The patient needs a root canal.
He weighs 950 pounds, stands about 9 feet tall and is a top-of-the-food-chain predator.
So, what do you do?
Well, you dart him with a tranquilizer. Get about 10 strong backs to roll him onto a superstrong webbed net and lift him onto a pallet. Bring in a forklift, heft him into a truck and haul him off to the hospital. Forklift him out of the truck, get him onto a heavy duty gurney and call in a human endodontist who thinks it’s fun to look into a polar bear’s massive maw.
Other than that, the root canal performed at Point Defiance Zoo & Aquarium on Glacier the polar bear Saturday morning seemed remarkably similar to human dentistry.
There was a noisy, brrrrrrrrring drill. There were those very pointy, razor sharp files dentists use to clean out and enlarge the tooth cavity before they seal it off.
However, there was no expensive crown for Glacier. No nitrous oxide, or laughing gas.
For a root canal on a polar bear, conscious sedation won’t do at all. You need him fully knocked out, completely immobilized.
And he was a bit of a Grumpy Gus about it all to begin with.
“He was pretty angry with me this morning,” zoo veterinarian Dr. Karen Wolf said as he lay placidly on the gurney, his huge pink tongue lolling to one side while endodontist Dr. Edmund Kwan of Tukwila attended to Glacier’s fractured right maxillary canine.
Smart bear, Glacier. He knew what was coming when Wolf showed up with her dart gun.
Though she tries to do the deed quickly “to minimize stress on the animal” Glacier got enough of a look-see to jump up and down on his hind legs, pound his paws into the concrete, shake his head to and fro, saliva flying out of his mouth, and make a chuffing noise.
Once thoroughly sedated and secured in the surgery suite, he looked like a huge polar-style teddy bear – except for the IV line dripping saline and electrolytes into his massive right foreleg from a 3,000 milliliter bag; the endotracheal tube down his throat to help him breathe as anesthetic gas kept him asleep; the ventilator on standby in case it was needed; and the equipment monitoring oxygen saturation, carbon dioxide levels, heart rate and temperature.
At one point, Kwan, working with magnifying loupes over his eyeglasses, pulled a stringy piece of pulp about 3 inches long out of the tooth. He mopped up bleeding with gauze.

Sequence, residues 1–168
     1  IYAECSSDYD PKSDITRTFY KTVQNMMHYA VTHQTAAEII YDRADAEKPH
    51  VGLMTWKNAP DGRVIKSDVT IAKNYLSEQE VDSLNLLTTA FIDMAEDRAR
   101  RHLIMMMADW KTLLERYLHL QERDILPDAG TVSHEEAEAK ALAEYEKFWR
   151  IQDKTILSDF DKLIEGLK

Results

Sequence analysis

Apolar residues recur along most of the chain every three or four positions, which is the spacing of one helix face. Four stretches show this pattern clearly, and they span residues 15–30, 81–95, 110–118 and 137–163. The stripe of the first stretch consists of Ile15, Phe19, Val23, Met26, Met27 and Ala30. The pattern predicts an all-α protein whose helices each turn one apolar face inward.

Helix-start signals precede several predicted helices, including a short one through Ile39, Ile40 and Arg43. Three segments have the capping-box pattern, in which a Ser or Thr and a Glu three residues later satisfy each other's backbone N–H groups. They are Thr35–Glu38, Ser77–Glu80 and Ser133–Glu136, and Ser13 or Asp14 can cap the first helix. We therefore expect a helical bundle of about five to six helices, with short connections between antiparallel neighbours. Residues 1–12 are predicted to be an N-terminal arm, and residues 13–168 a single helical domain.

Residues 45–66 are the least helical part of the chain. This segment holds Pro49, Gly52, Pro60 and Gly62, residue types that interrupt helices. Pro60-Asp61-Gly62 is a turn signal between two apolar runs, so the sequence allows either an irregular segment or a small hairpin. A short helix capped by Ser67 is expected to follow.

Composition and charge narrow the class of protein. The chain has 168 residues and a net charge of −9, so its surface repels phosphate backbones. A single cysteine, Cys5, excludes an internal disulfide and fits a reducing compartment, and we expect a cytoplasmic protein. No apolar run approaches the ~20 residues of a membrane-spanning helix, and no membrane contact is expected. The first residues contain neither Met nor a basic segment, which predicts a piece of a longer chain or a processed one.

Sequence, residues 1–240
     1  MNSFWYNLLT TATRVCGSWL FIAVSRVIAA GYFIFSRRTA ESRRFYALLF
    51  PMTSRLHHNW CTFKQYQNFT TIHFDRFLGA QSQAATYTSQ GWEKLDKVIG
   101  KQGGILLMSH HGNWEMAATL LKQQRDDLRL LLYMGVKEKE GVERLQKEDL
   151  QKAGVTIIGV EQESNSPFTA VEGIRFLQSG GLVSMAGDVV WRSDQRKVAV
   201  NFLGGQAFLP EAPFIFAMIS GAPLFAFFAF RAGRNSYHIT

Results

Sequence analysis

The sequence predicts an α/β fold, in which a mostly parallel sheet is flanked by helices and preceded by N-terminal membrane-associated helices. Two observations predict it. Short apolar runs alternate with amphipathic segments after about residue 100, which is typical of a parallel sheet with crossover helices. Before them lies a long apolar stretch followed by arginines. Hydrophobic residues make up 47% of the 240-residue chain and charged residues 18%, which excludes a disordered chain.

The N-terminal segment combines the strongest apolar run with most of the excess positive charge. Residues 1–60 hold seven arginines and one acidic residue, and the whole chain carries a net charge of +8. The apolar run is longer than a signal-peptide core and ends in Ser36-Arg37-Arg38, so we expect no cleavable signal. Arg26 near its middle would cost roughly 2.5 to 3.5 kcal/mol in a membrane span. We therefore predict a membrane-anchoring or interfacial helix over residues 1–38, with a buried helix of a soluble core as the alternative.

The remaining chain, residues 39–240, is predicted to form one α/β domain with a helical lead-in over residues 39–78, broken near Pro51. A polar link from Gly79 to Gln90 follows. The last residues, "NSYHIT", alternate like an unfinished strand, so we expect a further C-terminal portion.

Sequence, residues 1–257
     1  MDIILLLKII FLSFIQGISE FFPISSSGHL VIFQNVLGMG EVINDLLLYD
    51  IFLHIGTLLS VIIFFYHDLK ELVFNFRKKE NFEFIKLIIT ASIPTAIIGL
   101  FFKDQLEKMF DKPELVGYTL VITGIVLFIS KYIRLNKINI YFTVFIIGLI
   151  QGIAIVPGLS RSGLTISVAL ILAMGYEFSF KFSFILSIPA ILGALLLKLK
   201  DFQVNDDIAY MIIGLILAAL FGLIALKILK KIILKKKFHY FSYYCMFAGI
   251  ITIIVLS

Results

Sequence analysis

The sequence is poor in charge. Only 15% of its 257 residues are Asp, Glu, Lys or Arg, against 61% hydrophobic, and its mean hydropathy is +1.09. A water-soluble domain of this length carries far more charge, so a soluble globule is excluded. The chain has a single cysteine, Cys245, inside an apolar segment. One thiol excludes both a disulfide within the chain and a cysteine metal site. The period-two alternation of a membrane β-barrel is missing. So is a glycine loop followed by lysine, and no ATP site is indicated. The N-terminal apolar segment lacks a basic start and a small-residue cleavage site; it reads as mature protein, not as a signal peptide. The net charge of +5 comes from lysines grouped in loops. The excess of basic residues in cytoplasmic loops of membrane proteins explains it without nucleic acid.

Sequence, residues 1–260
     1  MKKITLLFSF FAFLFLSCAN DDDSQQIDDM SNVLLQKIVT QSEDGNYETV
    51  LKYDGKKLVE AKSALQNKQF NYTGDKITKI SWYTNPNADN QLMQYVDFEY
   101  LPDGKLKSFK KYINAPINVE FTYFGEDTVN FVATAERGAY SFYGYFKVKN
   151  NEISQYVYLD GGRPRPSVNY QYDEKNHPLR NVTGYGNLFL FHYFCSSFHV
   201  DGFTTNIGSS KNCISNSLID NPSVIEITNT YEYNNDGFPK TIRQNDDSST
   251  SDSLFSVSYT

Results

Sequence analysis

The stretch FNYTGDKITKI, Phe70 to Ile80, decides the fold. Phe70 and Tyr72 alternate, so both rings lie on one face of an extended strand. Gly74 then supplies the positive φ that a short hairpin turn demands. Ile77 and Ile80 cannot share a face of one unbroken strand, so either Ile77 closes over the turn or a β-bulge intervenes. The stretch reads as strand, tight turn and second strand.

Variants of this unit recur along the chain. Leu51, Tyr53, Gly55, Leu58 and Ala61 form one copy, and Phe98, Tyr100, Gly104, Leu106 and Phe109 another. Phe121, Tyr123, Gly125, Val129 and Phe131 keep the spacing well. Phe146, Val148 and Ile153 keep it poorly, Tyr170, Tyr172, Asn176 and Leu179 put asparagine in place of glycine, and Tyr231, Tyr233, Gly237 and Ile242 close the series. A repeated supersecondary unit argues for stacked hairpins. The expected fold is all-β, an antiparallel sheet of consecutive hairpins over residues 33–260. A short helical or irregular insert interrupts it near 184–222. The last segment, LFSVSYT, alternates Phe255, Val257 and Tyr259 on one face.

Veterinarians Wolf and Dr. Holly Reed, stethoscopes around their necks, kept their trained scientific eyes on their patient. Their tender hands periodically felt his heaving chest, and their expert ears listened to the beating of his great heart.
They were as caring as loving children caressing a beloved pet. But this is serious business. Polar bears are a vulnerable species. Zoos like Point Defiance care for and exhibit them as part of a Species Survival Program designed to preserve their kind and to educate the public about their challenges.
“Once you see a polar bear up close like this, you can’t get it out of your mind,” Wolf said.
The black pads of his feet felt a bit like rough microsuede. His matted fur was coarse on his body, but soft on his ears. His black nose twitched as Kwan worked on his tooth.
It wasn’t Glacier’s first root canal. Kwan, who volunteers his time, did one on the bear in 2008.
Zoo officials don’t know how he fractured his tooth; they recently discovered it during a routine check. Zookeepers use hand signals to get the bears to open their mouths for daily visual inspections, general curator Karen Goodrowe Beck said.
They began the week-and-a-half planning for the root canal shortly after keepers noticed the break, which could have come from anything from wrestling with another bear to chomping down on the beef femurs and knuckles he gets to eat along with a mixture of fish and dog chow, she said.
Getting to the broken tooth quickly can forestall a dangerous infection – and a massive, bear-sized, toothache, she added.
“Dental issues are a common procedure in polar bears, but it’s always a big deal when we immobilize an animal of this magnitude,” Wolf said.
The procedure began around 10 a.m. By 1 p.m., medicated and groggy but up and moving, Glacier was back home with his bear buddies.
And no doubt hoping for fish soup instead of beef bones for dinner.
About Glacier: Together with his brother Blizzard he was rescued as an orphan cub of about 11 months on Sept. 15, 1996, at Churchill, Manitoba, Canada and has lived at Point Defiance Zoo & Aquarium ever since.
Source & photo credits:
-The News Tribune Tacoma/20.12.09
-Point Defiance Zoo
Mit Pfeil und Bogen,wenn ein Eisbär eine Wurzelkanalbehandlung braucht, incl.Video